The needle has markings 44 to provide indication to an operator of depth of penetration of the needle tip 40 in tissue and location of the implant 20. Corresponding markings 46 are placed on the handle 32 to illustrate the degree of needle retraction and implant exposure relative to sliding movement of the thumb switch 36.
The implant 20 is pre-loaded into the needle 34. The needle 34 is non-removably secured to the handle 32 and all components are delivered in a sterile package. Such packaged implant and its delivery system are the subject of 510k clearance (K01 1723) from the U.S. Food and Drug Administration and CE Mark certification (CE 66447) from BSI Product Services indicated for use with the treatment of socially disruptive snoring. The product is sold by Restore Medical Inc., St. Paul, Minn., USA—assignee of the present application.
C. Apparatus and Kit of the Present Invention
With reference to
The cartridge 200 includes a hollow needle 202 and an implant 20. Since, in a preferred embodiment, the implant 20 is identical to that shown in
As will be more fully described, the cartridge 200 has a cartridge coupling 204 at the proximal end of the needle 202. An obturator 206 is slidably disposed within the bore of the needle 202. The implant 20 is placed at the distal tip 203 of the needle 202. The obturator 206 is sized for a distal end of the obturator 206 to oppose and abut a proximal end of the implant 20. The length of the obturator 206 is selected for a proximal end of the obturator 206 to be flush with a proximal end of the needle 202 at the cartridge coupling 204.
The handle 300 includes a driver mechanism 302. The driver mechanism 302 includes a thumb switch 304 slidably mounted on the handle 300. The thumb switch 304 moves forward from a lock position to a deploy position with the throw distance between the positions being greater than the length L′ of the implant 20.
The driver mechanism 302 also includes a push rod 306 contained within the handle 200. The push rod 306 is connected to the thumb switch 304 to move with it as the switch 304 is moved between the lock and deploy positions.
The handle 300 has a distal end 301 with a predetermined geometry. The cartridge coupling 204 has a mating geometry selected to couple with the predetermined geometry of the handle 300. In the embodiment of
When positioned as described above, the cartridge 200 is coupled to the handle 300 with the proximal end of the obturator 206 exposed to and aligned with a distal end of the push rod 306. The push rod 306 is aligned and sized with the needle bore to advance into the needle 202 and abut and push the obturator 206 when the cartridge coupling 204 is connected to the handle 300 and when the thumb switch 304 is moved forward. This action causes the obturator 206 to move forward toward the distal tip 203 of the needle 202. Since the thumb switch throw is greater than the implant length (plus any spacing between the obturator 206 and implant 20 and between the obturator 206 and push rod 306), the complete throw of the switch 304 ejects the implant 20 from the distal tip 203. When the thumb switch 304 is returned to the lock position, the push rod 306 is retracted from the needle 202 and the cartridge 200 may be removed from the handle 200 by squeezing sidewalls 208 inwardly to release the barbs 209 from the detents on sidewalls 303.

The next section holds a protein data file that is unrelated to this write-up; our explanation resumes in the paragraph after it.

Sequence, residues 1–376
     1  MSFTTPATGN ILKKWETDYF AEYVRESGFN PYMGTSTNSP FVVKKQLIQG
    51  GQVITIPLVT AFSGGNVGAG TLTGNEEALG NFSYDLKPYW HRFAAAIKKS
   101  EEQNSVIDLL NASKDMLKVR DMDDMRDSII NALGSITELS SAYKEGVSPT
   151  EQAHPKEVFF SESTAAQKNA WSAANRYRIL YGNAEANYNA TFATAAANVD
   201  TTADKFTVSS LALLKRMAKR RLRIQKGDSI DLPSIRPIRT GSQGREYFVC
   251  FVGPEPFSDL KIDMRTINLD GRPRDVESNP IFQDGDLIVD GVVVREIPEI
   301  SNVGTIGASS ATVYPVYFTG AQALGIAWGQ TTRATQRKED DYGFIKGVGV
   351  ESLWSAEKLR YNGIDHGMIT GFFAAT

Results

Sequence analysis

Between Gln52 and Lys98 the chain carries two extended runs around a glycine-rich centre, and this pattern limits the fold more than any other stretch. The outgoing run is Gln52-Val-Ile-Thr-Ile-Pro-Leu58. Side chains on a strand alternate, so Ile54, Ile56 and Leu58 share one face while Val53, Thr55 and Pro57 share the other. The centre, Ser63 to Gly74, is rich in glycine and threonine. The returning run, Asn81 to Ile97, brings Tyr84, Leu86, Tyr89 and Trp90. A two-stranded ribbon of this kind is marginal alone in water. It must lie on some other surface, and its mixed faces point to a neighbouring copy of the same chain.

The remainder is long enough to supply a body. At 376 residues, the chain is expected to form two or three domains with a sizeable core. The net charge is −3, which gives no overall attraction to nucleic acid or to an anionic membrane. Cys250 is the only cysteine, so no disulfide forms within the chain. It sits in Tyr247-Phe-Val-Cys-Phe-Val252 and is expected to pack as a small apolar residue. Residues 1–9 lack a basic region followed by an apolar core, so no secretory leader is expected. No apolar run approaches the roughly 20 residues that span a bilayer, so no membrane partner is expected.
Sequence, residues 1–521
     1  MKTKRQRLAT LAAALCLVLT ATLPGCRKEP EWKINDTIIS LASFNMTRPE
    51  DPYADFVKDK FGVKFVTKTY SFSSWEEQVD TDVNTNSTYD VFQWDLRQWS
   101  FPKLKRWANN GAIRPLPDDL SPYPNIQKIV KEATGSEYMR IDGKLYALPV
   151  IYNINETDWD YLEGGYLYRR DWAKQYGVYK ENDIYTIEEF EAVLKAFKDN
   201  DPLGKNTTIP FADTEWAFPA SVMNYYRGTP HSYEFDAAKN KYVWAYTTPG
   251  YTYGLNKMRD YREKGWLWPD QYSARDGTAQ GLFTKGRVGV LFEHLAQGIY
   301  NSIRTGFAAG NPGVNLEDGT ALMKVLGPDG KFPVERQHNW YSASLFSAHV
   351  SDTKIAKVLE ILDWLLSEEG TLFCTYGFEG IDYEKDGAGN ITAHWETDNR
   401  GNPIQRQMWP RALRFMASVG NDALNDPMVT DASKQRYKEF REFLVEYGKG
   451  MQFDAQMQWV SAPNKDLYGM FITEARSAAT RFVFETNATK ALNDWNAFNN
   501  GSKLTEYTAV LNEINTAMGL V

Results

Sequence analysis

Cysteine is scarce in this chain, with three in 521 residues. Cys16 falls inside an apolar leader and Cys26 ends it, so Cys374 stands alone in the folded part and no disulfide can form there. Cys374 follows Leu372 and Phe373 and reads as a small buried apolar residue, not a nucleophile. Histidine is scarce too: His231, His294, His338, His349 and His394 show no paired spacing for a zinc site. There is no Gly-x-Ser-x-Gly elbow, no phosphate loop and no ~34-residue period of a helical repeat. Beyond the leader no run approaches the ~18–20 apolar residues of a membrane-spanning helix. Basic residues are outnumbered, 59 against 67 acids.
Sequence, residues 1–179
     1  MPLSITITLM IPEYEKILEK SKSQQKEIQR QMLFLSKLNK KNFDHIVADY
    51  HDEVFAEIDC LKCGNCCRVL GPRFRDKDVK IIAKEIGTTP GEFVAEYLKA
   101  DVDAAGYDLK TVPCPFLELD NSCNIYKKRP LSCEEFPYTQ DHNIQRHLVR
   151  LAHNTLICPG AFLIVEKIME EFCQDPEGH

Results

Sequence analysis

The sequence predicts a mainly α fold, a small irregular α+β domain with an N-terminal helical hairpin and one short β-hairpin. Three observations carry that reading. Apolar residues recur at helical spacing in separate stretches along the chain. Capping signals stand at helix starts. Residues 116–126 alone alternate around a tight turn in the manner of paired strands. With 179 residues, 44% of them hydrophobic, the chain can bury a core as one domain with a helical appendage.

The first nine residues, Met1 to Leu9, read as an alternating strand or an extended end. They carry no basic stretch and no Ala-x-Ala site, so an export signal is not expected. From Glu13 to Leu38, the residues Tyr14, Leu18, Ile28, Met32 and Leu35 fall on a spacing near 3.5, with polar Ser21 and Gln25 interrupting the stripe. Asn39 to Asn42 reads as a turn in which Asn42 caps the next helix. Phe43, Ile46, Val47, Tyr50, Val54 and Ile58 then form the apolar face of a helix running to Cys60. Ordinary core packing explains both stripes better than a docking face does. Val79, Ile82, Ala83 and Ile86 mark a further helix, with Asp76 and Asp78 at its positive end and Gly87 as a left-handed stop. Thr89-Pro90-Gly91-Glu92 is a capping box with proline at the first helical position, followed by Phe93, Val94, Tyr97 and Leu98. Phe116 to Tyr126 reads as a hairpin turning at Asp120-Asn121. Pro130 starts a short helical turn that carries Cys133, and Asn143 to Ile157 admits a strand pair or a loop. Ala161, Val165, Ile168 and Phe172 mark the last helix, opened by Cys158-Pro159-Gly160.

It will be noted that unlike the design of
In practice, a plurality of implants 20 are normally preferred to be placed in patient's tissue for each office visit.
In the embodiment of
The present invention has been described in a first preferred embodiment for delivery of a braided implant into tissue of the soft palate to treat an airway condition such as obstructive sleep apnea or socially disruptive snoring. It will be appreciated the present invention covers a wide variety of implants (e.g., instead of the braided implant, the implant may be a bolus of particulate material as described in U.S. Pat. No. 6,431,174 or a sheet of fibrosis-inducing material as described in U.S. Pat. No. 6,523,542). Also, the invention is readily adapted through change of needle size and curvature to permit placement of an implant in airway tissue other than the soft palate (e.g., placement in tissue of the nasal cavity or pharyngeal wall).
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|U.S. Classification||128/897, 604/57, 128/848|
|International Classification||A61B17/34, A61B17/24|
|Cooperative Classification||A61B17/3468, A61B2017/248, A61B17/24|
|European Classification||A61B17/24, A61B17/34J|
|Sep 19, 2003||AS||Assignment|
Owner name: RESTORE MEDICAL, INC., MINNESOTA
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|Oct 27, 2009||AS||Assignment|